The impressive thing about Main Event this week was that it featured two matches that on paper could have held the main event spot, with one cut short by interference, the other was a solid contest that showed off what the men involved can do well.
Chris Jericho vs. Cody Rhodes
For me this match felt like WWE taking a look at what Cody Rhodes can still do when tasked with a longer contest, such as this one. It’s been a while since Cody was in a position to have a match anywhere near this length on either TV or PPV, after kind of getting lost in the mix on Raw and Smackdown after the original break down of Team Rhodes Scholars in February. He hasn’t really been given anything to get his teeth into in terms of a feud, apart from a bit part in the Sheamus vs. Damien Sandow feud. It truly is telling that with Money in the Bank coming round, Cody isn’t being talked about as a potential winner, as he’s been the first name on most people’s lips for the last few years events.
The match was a back and forth type of contest, with each man being given just enough time in control of the match to showcase what they are capable of in the ring. The majority of the contest focussed around an injury to Jericho’s eye, caused after a stray thumb from Cody Rhodes. It was nice twist on the heel taking advantage of an injury type of match, which would usually see the heel work on the arm or leg. Rhodes used a lot of his signature moves throughout the contest including a beautiful moonsault onto a standing Jericho, the Disaster Kick (taking advantage of the Jericho’s eye) a huge Alabama Slam and Cross Rhodes all of which got him a two count. Rhodes managed to keep himself looking strong enough with by getting his foot on the ropes after a Codebreaker.
The end of the match saw Jericho block a kick from Rhodes, and after a long struggle eventually manage to turn it into the Walls of Jericho, resulting in the submission victory. I enjoyed this ending, as with Cody reaching and clawing to get to Jericho’s eye before he was turned over it felt like the storyline running throughout the match had led somewhere and brought a satisfactory conclusion to what was a good contest, for both men.
Chris Jericho has been known over the last few years for helping young talent get over with the WWE audience, mainly due to his selfless style of wrestling which allows his opponents to look as good as possible, as well as years of wrestling knowledge built up from around the world. Cody Rhodes certainly benefitted from being in the ring with Jericho for this amount of time and the psychology and story throughout the contest was spot on. It would seem Rhodes is being positioned for another repackage soon, after a long losing streak and having seen his finishing moves kicked out of by a number of opponent on the way. WWE would be foolish to let a talent like Rhodes go without ever giving him a proper chance to run with the ball.
Best of the Rest (in the World)
I mentioned at the start of this review that there was another match that could have potentially taken the Main Event spot, and if the rivalry hadn’t been completely missed from Raw this week it probably would have been. The match in question was Christian against the United States Champion Dean Ambrose of The Shield, it certainly had potential to fill the fifteen to twenty minute slot and with the rivalry behind it could arguably been a bigger draw than Jericho-Rhodes.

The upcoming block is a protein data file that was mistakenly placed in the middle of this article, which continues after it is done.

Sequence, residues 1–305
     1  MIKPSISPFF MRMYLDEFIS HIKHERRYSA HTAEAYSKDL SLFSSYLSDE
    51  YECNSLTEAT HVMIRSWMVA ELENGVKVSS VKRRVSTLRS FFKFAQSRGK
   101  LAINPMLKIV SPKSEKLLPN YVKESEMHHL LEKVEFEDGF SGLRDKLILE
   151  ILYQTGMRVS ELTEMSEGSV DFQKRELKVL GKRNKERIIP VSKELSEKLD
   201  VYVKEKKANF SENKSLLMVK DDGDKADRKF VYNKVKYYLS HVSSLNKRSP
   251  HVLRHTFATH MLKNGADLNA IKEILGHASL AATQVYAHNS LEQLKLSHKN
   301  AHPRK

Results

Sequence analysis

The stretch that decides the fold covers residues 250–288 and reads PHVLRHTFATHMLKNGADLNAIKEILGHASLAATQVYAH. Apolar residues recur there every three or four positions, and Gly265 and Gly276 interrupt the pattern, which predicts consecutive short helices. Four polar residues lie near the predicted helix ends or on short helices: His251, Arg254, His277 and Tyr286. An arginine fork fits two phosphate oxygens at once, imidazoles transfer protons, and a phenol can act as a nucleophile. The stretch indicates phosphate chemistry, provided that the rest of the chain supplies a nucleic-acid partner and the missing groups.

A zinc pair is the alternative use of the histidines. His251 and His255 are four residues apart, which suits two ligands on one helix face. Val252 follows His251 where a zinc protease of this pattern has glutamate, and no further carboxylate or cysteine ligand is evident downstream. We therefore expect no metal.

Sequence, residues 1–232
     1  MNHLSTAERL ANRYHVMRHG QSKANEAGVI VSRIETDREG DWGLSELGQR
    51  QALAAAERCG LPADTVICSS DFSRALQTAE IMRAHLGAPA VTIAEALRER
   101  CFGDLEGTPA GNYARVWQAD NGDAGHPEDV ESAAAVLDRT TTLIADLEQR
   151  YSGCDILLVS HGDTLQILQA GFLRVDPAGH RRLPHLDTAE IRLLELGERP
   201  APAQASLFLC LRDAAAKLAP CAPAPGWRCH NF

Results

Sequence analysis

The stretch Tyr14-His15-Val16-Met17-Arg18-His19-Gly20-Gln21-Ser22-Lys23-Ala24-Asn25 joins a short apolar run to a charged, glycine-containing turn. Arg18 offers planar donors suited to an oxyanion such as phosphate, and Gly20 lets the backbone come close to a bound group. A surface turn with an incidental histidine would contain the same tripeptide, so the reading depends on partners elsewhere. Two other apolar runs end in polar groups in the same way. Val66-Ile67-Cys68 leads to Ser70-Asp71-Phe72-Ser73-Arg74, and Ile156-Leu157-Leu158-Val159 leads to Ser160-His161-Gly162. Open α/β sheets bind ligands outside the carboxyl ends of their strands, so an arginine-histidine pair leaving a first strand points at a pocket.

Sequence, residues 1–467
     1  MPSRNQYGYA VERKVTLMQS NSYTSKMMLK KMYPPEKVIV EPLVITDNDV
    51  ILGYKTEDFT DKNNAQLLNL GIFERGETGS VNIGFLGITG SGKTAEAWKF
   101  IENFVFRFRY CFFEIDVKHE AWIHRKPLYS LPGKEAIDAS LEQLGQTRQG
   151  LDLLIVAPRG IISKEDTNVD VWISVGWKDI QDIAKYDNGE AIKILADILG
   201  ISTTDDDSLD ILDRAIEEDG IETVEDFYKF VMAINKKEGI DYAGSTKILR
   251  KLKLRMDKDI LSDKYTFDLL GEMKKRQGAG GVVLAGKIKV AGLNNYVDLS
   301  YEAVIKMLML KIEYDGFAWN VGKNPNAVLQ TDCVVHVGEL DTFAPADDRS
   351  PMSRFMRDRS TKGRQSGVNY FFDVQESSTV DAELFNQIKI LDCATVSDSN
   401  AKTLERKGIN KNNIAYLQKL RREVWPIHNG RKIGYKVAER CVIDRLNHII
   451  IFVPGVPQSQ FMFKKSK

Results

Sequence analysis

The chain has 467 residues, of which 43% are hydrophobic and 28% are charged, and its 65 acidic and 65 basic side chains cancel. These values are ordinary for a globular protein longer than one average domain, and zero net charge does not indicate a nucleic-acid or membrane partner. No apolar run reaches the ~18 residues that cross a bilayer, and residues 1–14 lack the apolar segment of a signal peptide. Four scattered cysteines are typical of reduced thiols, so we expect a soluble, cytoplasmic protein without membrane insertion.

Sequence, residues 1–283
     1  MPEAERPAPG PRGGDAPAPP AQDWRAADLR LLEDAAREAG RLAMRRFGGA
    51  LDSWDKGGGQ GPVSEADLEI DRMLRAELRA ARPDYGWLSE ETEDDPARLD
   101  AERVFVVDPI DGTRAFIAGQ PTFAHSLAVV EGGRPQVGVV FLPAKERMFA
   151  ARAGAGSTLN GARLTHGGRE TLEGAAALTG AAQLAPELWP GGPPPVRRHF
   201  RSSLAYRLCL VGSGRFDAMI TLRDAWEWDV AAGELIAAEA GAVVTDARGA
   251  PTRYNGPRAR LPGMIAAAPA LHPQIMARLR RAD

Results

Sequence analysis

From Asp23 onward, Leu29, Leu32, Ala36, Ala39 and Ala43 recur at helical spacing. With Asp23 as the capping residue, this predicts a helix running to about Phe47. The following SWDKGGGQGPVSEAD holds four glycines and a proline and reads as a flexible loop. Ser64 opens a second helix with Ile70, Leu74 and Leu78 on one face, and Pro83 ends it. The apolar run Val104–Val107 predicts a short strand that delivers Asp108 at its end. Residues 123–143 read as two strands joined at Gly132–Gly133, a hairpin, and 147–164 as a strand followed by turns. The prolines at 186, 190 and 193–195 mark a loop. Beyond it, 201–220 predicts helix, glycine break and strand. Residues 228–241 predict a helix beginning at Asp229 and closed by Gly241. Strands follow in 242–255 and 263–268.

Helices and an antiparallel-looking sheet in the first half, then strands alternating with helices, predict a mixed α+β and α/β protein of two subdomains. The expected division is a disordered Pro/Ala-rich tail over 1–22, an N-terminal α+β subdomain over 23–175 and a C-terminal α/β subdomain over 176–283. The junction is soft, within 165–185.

The match was essentially a brawl between the two spilling to the outside before Ambrose took control with a nice version of an STF. With Christian hitting a number of familiar moves, this match finally looked to be getting going, but was the unfortunately cut short as Tag Team Champions Seth Rollins and Roman Reigns interfered to push Christian off the top, to give Christian the disqualification win. It was a shame to have this match end so quickly, especially with a number of Ambrose’s matches having had similar endings recently, he hasn’t had much time to show what he can do on his own as of late. With The Shield beating down Christian, the number one contenders The Usos made the save, seeing off The Shield in style. Whilst both Christian and The Usos deserve to be in this position with The Shield, it’s difficult to see either in the same position as some of The Shield’s opponents over recent months.
Before Tons of Funk made their entrance to face The Prime Time Players, they were given a new entrance with The Funkadactyls and new Diva Jo-Jo (who’ll be appearing on reality show Total Divas in July) sang the entrance theme. It really was awful to watch and I felt pretty uncomfortable watching the three young ladies struggle in the ring, luckily this wasn’t Raw and hopefully it never happens again. Luckily the match was good tag team fare, with both teams looking good in the ring. It’s a shame we don’t see enough of Clay and Tensai as a duo, because as big men go they’re pretty good in the ring. The Prime Time Players needed the win to go into their match on Raw with CM Punk and Curtis Axel looking strong and duly delivered when Darren Young hit Brodus with his afro comb, allowing Titus O’Neil to get the pinfall, in a nice ending to develop the heel duo.
For the first time this week, I was disappointed with a Zeb Colter promo. I was behind the partnership with Antonio Cesaro to start with, if it emphasised how Colter had back tracked from his previous position, however that does not look to be the case. What was presented here was a over long rambling promo that took way too many tangents and seemed to forget that Colter was now aligned with a foreigner. Cesaro attempted to pull it back with a decent promo of his own, but it couldn’t quite paper over the cracks in the logic of their relationship. I'm sure the crowd chanting U-S-A was not the desired reaction!
Announced For Friday's Smackdown:
Christian & The Usos vs. The Shield